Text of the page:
Whatever You Do, Don’t Panic

It has been said that if you fail to plan, you plan to fail. I definitely have this incessant need to plan and re-plan and re-work a plan. (It’s just necessary when things don’t go according to…er…plan!) Well, that’s partially from my parents too (they are expert planners) but I think I just like to plan because without a plan, I get uneasy about the unknowns, and thus just panic.

And I’m not the type to panic on the outside. I think I’ve done it once and it was not about swimming or anything. It was a trauma trigger but I can remember a few physiological changes — my breathing got shallow, my hands started getting clammy, my head was pounding, I had an impending need to remove myself from the situation and get a move on. Once I was en route to my escape I felt a little better but took some time to regroup and reflect.

Well, my panic in the water is a little different. It’s taken me a long time and many, many laps to get comfortable in a pool that’s only 4 feet deep. I can still remember when I tried to swim by myself at the Hollywood 24 Hour Fitness and I’d generally only stay 15-20 minutes at a time. Huffing and puffing, I’d “cheat” by doing the backstroke for half my laps. I remember feeling uneasy if other people were in the pool, so I’d make it a point to head there really really early before the rush of actresses and models made their way to the gym.

I put off swimming for a long while, focusing on my run instead. (The times and deadlines themselves to cross the finish line induced far less panic. And technically I could take my sweet time!) However, when I moved to Seattle, I vowed to do things differently. I wanted to get in the pool more frequently. I wanted to get more open water swimming in. I wanted to get over my fear of the water, and I think I’m part of the way there. I started working with my coach to get myself in the pool more regularly, and have a pair of scrutinizing eyes on my form. It’s helped a lot, and without him I certainly be where I’m at today.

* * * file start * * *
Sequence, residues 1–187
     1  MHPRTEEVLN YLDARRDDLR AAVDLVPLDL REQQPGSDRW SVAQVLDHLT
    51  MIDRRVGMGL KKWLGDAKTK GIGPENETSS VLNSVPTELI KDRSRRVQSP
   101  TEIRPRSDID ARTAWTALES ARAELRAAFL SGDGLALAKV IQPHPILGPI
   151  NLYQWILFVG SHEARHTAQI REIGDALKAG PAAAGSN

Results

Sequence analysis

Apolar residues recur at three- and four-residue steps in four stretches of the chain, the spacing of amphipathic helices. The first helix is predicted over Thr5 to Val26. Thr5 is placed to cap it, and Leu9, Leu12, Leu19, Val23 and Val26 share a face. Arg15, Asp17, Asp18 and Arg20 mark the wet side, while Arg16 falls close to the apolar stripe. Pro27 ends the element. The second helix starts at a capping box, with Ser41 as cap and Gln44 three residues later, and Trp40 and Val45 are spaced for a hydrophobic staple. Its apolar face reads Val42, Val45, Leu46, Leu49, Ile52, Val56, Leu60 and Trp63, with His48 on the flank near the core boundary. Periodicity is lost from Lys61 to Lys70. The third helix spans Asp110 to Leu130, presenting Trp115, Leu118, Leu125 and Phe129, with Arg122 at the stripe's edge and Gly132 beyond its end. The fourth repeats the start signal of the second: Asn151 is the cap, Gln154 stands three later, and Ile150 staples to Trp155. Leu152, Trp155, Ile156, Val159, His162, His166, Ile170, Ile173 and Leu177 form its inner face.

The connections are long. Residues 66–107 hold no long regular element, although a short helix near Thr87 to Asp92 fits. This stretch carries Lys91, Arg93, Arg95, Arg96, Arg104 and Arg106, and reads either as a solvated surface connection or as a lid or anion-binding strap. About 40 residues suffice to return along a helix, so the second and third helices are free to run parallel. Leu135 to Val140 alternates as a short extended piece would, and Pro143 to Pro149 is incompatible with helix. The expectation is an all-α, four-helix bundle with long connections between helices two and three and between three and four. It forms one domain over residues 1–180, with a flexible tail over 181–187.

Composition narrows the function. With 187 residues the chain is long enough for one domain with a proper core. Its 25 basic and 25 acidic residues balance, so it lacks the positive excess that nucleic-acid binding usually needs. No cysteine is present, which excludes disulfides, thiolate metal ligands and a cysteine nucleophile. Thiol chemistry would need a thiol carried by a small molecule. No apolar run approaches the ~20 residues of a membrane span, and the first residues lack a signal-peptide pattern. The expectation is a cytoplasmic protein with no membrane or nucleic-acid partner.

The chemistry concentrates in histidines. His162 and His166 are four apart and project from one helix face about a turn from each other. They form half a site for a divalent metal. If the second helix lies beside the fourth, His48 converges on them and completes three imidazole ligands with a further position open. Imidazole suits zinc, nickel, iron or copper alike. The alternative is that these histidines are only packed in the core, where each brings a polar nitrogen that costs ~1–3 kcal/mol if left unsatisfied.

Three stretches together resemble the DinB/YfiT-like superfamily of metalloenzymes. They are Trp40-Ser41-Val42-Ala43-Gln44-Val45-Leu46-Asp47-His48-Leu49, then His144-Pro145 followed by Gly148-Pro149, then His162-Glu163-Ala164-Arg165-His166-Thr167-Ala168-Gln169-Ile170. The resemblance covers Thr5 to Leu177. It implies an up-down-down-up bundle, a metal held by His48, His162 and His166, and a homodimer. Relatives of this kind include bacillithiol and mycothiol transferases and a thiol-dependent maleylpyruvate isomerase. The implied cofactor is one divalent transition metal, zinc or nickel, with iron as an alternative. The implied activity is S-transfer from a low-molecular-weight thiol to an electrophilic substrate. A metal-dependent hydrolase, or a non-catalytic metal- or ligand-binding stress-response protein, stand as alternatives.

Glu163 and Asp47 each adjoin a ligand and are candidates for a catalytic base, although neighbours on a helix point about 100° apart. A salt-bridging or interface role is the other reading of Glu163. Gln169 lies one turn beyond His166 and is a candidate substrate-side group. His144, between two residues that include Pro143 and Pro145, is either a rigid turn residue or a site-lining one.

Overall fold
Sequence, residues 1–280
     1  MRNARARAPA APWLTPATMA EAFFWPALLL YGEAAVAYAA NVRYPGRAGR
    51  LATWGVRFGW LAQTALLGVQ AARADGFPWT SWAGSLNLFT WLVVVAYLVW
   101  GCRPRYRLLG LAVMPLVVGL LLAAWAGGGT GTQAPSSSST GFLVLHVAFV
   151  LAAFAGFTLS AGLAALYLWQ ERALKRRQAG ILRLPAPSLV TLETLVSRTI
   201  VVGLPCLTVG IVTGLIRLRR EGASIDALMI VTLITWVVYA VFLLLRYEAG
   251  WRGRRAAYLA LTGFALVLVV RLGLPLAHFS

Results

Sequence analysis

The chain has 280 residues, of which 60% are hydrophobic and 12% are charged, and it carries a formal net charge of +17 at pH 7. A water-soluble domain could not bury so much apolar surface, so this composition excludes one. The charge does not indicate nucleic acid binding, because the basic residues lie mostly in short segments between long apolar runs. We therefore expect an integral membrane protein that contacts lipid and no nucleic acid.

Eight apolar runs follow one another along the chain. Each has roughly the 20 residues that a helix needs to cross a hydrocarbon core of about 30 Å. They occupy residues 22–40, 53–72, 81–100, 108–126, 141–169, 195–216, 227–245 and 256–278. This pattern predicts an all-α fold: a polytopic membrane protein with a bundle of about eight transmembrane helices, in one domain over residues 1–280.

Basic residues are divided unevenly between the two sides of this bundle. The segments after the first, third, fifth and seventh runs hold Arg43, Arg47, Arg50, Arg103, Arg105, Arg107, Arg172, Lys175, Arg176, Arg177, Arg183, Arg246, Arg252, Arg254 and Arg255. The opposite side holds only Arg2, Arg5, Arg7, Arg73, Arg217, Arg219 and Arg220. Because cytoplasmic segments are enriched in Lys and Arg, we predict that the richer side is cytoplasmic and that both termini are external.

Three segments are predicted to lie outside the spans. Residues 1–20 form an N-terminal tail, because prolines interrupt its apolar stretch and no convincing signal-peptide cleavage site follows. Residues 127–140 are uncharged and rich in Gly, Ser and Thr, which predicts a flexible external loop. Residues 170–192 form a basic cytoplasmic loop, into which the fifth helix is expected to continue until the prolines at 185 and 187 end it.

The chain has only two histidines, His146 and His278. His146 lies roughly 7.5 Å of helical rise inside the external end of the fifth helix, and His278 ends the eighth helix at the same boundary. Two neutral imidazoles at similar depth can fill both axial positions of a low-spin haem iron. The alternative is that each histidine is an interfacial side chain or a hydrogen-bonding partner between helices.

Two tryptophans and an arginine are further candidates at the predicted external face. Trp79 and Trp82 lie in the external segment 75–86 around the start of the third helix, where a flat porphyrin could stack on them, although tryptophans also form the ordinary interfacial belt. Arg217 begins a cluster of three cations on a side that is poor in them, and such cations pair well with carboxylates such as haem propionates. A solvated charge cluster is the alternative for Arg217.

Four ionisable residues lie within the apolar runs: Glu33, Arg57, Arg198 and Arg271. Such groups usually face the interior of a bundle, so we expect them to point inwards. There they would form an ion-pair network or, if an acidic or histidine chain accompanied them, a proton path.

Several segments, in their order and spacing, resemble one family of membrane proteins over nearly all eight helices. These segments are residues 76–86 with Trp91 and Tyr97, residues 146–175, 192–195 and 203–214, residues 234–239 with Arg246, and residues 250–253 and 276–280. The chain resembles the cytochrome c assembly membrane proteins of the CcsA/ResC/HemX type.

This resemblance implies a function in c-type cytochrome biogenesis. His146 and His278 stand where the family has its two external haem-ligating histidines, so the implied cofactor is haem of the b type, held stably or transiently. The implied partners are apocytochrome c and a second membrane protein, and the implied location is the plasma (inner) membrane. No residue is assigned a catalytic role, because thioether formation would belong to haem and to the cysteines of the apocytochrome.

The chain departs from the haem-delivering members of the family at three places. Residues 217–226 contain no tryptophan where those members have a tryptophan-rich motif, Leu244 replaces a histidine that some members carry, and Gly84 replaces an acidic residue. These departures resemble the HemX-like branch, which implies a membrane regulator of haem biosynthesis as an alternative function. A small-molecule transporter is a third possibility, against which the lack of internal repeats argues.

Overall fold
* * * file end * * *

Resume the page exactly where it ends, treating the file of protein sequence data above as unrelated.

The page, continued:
This coming weekend there’s an open water swim that I’ve been eyeing — the Animals Only swim in Puget Sound. 55 degrees sounds freezing but the swim is short (only half a mile) and it says we hug the shore. It also seems like a fairly organized event, since they have a series of outdoor swims throughout the summer. I’m trying to muster up the courage to register but I keep procrastinating. Procrastinating is the opposite of planning. Or somehow I’ve managed to plan to procrastinate this entire week.

Anywho, my main takeaway about open water swimming is — whatever you do, don’t panic. The minute you allow yourself to be engulfed by your irrational emotions, things go sideways. Stay calm, breathe, do what you’ve been trained to do, and push through it. There’s no time for panic when you’re focused on the task at hand and you know what to expect.

To help me conquer these irrational fears that still quell under the surface, I’ve been looking at joining two different open water groups — one meets on Tuesday mornings, the other on Thursday evenings. They also happen to be in different parts of town. It’ll be a bit time consuming and expensive to have to shuttle all over Seattle but I think the trade-off will be worth it. The more you do it, the less scary it seems. Well, if it doesn’t get less scary at least I will just know what to expect.

Fingers crossed! What do you do to get over your irrational fears?

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